Getting started - developing applications
This guide assumes you already have a basic knowledge of managing content and building portals in Sense/Net. If you are new to Sense/Net please read Getting started - using Sense/Net and Getting started - building portals before advancing. Also, you will find some relevant information on installing Sense/Net in the Getting started - installation and maintenance guide.
Developing against Sense/Net Content Repository
ASP.NET Webform portlets
How to create and install a Portlet - An itroduction about how to write your first Sense/Net portlet.
OData REST API - Accessing the Sense/Net Content Repository with a standardized RESTful API, namely OData. Sense/Net content and functionality is exposed via HTTP, so you can create any applications on a robust and performant content repository.
Most common API calls - You can check out the most common .Net API here.
Setting up your development environment
Most common API calls
The following article shows some common scenarios for which common API calls are used. The following scenarios are explained:
- User creation
- Adding users/groups into another group
- Creating a Workspace
- Adding a Folder
- Uploading a File
- Setting ACLs
- Checking permissions
- Searching workspaces
- CacheablePortlet: when using this class as the base class portlet output cacheing functionality will be included in your portlet and a Cache tab will appear on the portlet properties dialog.
- ContextBoundPortlet: inheriting from this class will allow you to reach context binding functionality from code using the ContextNode property and a Context binding tab will appear on the portlet properties dialog. Note that a ContextBoundPortlet is also a CacheablePortlet.
- ContentCollectionPortlet: this is a common portlet used to handle collections. Derive your portlet from this class to get some collection related functionality like the GetModel() function returning an object containing the current child collection. A Collection tab will appear on the portlet properties dialog where builders can define the current collection.
It is highly recommended to develop cacheable portlets all the time. Cacheing can be switched off on cacheable portlets any time, but the only way to make non-cacheable portlets cacheable is to rewrite them.
Implementing custom logic can be done just like implementing a custom ASP.Net Webpart. The following how-to shows how a simple portlet can be created from scratch:
Content and Node API
- Node: this is the storage layer for a Content. It is the parent type of all ContentHandlers, that define properties that are persisted to the database and implement custom storage-related logic. Use this class whenever you need to perform low-level operations on Content, like creating, moving, copying, deleting, etc.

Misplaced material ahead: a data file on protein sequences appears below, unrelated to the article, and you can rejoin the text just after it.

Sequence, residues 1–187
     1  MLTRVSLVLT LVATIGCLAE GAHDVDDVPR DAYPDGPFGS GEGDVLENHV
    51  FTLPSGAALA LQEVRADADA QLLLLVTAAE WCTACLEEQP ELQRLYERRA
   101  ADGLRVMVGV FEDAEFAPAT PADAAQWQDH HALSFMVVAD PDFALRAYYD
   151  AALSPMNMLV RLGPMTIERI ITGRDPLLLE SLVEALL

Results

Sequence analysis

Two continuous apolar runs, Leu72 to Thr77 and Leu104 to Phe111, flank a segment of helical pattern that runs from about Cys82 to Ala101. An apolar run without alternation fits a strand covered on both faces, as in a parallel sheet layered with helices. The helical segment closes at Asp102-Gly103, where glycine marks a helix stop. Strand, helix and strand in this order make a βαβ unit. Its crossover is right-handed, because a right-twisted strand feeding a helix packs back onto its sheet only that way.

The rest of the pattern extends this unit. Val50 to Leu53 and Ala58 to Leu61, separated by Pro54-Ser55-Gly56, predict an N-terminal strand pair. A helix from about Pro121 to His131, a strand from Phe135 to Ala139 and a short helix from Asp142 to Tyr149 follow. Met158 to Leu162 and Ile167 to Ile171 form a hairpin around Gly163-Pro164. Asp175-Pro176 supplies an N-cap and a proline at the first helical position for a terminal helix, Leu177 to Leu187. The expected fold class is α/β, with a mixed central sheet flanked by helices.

- Content: this class is the presentational layer of Content and it is built above the Node layer. You can always initialize a Content from a Node. The main difference between the Node and the Content is that while the Node contains properties that are the low-level representation of data persisted to the database, the Content contains Fields that are built above the property data with extended logic. The upper presentational layers (ContentView) also rely on field logic so you should use the Content class whenever it has anything to do with presenting Content on a UI or accessing custom logic of Fields.
To understand more of the above concepts read the corresponding reference documentation:
Note, that the Node is an abstract class and the Content Type hierarchy is represented by derived types. The most basic Node is the GenericContent which is the ContentHandler of the GenericContent Content Type. There is some custom logic implemented on GenericContent so it is useful to get acquainted with this type when developing applications over the Content Repository:
Creating new Content can be done via either the Content or the Node API. You can create new Content by instantiating derived classes of Node (ie. User, Folder, File etc.) or using the Content.CreateNew static method. Also, you can create Content from templates. For the latter, the following documentation will be helpful:
Using ContentViews from code
You can read more about using the CommandButtons control and how to attach to CommandButtons' events here:
Creating custom Field ControlsField Controls. A Field Control is an ASP.Net UserControl that defined some methods for using within Content Views (ie. GetData(), SetData() methods for data transfer between the control and the content's Field). A Field Control can be used in templated mode meaning that the ASP.Net layout is defined either in a separate file under the folder /Root/Global/fieldcontroltemplates or in the Content View as an inline template. The following how-to shows you how to develop a FieldControl to present the value of a Content's Field in a custom way: